Text: Bleachers by John Grisham, Doubleday Large Print Edition, 2003.
The novel has four sections instead of chapters: Tuesday, Wednesday, Thursday, and Friday, the days of the funeral vigil for Coach Eddie Rake. It takes place in a fictional small town, Messina, probably in Mississippi, in 2002.
Summary of “Tuesday”
Neely Crenshaw, a former star quarterback for Messina High returns after fifteen years, as his former coach, Eddie Rake, is dying. Neely goes to the football field, now called Rake Field, and begins to reminisce. He remembers on Friday nights the entire town turned out for the football games. It is October, and the trees are changing color. It is football season again. The football field used to be called The Field, and it was sacred to the players, and no one dared to walk on it. Neely felt he could never return to this special place until Rake was dead, and now he that he is dying, he knows all the other players will be coming back too. The players who wore the Spartan green jersey were as gods in the old days, in the glory days, but now, it is just ordinary high school football at Messina. He was Number 19 and so famous that his jersey has been retired. He can still hear Coach Rake in his mind, growling at the players, who both loved and hated him.
He sees again his parents in the stands, the cheerleaders, and the college recruiters. The bleachers held ten thousand people and were always filled, though the town had only eight thousand people. Neely made over a hundred touchdowns and was never defeated on this field. But he says to himself, it was another lifetime.
Eddie Rake had become coach in the sixties and started the winning tradition. From 1964 to 1970, “The Streak” of perfect seasons, with 84 straight victories, is still remembered. Rake continued to produce winning teams, but the state title eluded him for a while until 1987, Neely’s senior year. On the scoreboard are still the tributes to the greatest players, the seven numbers that have been retired, including Neely’s. Jesse Trapp’s is another, Number 56, but he is now in prison. No expense was spared for the Spartan football team. They had two practice fields and luxurious dressing rooms. At the entrance to the field, Neely sees a newly erected monument to Rake with his bust in bronze and his record of thirty-four years as coach of the Spartans, with 418 wins and 13 state titles. Neely climbs up into the bleachers and sits alone for a while.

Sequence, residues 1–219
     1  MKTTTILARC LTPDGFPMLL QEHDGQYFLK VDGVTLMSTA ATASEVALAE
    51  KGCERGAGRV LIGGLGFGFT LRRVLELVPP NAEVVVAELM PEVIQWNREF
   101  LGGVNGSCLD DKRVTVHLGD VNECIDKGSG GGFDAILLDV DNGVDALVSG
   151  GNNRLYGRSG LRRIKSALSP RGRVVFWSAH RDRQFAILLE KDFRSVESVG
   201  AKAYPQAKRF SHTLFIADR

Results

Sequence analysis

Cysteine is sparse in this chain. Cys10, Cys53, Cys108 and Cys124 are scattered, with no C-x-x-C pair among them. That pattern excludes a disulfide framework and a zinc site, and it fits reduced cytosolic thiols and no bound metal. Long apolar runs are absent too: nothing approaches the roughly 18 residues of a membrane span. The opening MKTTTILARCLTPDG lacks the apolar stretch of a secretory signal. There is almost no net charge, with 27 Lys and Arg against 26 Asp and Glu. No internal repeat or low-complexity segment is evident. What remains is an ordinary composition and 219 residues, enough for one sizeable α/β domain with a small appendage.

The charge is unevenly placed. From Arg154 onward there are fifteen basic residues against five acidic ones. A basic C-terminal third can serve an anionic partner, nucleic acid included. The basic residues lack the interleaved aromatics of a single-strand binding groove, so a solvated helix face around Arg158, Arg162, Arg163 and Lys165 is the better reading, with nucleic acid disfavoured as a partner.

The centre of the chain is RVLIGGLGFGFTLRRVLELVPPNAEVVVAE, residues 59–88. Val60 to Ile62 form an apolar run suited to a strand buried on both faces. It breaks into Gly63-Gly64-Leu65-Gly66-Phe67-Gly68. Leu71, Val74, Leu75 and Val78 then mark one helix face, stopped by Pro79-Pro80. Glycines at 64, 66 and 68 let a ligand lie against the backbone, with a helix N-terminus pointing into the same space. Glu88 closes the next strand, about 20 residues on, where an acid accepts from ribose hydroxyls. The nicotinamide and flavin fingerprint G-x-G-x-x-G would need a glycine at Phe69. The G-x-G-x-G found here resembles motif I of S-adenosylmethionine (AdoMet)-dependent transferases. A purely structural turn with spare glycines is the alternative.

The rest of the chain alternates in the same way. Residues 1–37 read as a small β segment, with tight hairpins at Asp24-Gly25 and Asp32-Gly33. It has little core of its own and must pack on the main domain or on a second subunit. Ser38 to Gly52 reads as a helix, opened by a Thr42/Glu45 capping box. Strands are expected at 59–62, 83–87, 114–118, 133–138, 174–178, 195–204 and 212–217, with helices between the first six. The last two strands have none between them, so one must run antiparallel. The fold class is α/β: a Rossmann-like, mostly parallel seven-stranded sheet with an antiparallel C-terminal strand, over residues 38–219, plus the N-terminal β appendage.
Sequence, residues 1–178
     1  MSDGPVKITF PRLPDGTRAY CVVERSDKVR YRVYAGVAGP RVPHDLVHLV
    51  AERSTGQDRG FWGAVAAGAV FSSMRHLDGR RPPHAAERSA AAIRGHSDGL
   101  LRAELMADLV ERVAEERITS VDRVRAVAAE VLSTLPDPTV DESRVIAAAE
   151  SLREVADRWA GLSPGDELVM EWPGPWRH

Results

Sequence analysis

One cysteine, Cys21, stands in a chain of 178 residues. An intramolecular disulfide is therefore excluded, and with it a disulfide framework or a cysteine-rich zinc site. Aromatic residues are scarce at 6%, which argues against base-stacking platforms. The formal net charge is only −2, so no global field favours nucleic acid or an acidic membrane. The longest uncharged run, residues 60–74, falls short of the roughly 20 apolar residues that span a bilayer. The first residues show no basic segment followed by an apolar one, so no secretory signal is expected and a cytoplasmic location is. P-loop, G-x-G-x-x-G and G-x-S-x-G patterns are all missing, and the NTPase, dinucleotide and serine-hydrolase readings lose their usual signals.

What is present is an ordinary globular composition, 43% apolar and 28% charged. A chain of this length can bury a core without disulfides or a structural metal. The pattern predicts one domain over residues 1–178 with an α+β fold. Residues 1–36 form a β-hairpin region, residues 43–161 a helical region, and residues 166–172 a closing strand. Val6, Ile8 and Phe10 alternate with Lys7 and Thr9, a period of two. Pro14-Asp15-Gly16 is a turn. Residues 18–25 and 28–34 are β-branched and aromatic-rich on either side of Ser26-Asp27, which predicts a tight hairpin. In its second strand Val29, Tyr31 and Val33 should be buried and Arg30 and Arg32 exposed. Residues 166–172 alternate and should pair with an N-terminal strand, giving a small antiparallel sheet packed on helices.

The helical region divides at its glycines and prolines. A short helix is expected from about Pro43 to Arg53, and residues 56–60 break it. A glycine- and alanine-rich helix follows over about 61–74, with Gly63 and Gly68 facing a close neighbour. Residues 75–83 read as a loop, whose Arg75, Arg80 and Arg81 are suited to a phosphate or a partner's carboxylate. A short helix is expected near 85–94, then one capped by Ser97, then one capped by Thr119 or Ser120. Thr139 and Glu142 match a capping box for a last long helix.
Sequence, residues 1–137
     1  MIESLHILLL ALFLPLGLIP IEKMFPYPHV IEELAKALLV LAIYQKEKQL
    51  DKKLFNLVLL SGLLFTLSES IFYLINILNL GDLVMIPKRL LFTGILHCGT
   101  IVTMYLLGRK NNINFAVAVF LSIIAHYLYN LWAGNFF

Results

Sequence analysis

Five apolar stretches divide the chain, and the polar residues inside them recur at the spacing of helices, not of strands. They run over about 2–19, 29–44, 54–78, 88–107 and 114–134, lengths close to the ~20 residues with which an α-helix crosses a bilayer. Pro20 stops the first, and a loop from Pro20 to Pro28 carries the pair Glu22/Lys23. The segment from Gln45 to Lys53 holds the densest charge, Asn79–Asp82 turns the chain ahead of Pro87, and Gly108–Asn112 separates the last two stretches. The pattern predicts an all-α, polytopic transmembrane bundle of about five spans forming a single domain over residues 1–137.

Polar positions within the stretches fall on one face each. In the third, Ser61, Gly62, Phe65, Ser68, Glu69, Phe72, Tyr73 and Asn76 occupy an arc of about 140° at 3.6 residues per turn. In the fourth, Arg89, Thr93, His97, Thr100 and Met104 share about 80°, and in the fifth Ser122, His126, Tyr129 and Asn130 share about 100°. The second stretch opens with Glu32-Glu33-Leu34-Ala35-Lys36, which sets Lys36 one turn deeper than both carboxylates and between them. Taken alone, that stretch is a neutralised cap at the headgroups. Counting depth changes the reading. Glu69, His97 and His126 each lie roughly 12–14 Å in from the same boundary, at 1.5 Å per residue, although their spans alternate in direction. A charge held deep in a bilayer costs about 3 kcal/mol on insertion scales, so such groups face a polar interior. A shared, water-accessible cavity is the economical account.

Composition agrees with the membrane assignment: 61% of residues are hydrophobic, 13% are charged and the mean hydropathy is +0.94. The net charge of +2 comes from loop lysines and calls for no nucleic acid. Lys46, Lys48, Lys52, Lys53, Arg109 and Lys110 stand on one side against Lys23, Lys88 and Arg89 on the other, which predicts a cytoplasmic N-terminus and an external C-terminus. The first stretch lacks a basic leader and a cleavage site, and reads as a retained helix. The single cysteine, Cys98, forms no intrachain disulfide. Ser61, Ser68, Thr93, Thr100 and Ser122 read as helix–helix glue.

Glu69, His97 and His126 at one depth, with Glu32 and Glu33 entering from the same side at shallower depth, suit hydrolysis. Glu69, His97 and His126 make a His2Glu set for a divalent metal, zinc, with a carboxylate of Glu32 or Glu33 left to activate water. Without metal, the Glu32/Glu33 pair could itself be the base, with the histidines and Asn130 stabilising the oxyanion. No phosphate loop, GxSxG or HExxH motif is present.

Next, a man in a coat and tie joins him. It is Paul Curry, Neely’s best friend and co-captain of their football team. Now Curry is the town banker. Neely greets him and asks after Paul’s family. Paul’s wife Mona is pregnant with their fourth child. Neely’s left knee is twice as big as his right knee. He was permanently disabled in college football since the age of nineteen when he had to quit. Paul asks why Neely doesn’t come back to Messina more often, and Neely says he wishes he had never seen a football. Paul realizes that Neely is “still living back then, still dreaming, still the all-American quarterback” (p. 15). Neely reminds him that they were recruited as children and by ninth grade they all knew Rake’s forty plays by heart. They talk about the pain of being big football stars as teenagers and then having to face that it is over. Curry, however, has gone forward with his life, while Neely is still bitter. Paul says that Neely should come back because people still love him, but Neely does not want to be reminded that he was once “great.”
Other former players begin to arrive and sit in the bleachers to remember the old days and wait for Rake’s death. Rake had coached hundreds of boys, most of whom still live in the area. Silo Mooney, who played with Neely and Paul, joins them in the bleachers. He sold drugs for a while and now deals in stolen pickups. Everyone knows that it is a matter of time before he will get caught. Silo was center on offense and nose-guard on defense and no one could get past him, but he always racked up personal fouls for his violence. They speak of Jesse who is in jail but could have played professional ball. Paul asks why Neely signed on to play college ball for Tech, and Neely admits it was for the money. They offered him $50,000 in cash. Paul is shocked, but Neely says that’s the way all the schools recruit.
Silo asks Neely what he is doing now, and he replies that he is selling real estate in the Orlando area. He is divorced with no kids. He explains that his kneecap is broken, and now he limps. No one has seen Rake, because he is dying of cancer and does not want anyone to see him like that. He had always been physically fit and loved the contact of football.
The narrator explains the tradition of the Spartan Marathon, one of Rake’s harsh training techniques. It was dreaded because the boys had to run laps in the August heat until they dropped. The boys vomited but had to keep going. Randy Jaeger now joins the group, who had the distinction of running eighty-three laps in the Marathon, right before Rake got fired in 1992. Neely said he ran thirty-one laps and collapsed in pain. More players arrive and bring cases of beer. Rabbit, an assistant athletic director, turns on the field lights. When Rake dies, he will turn them out.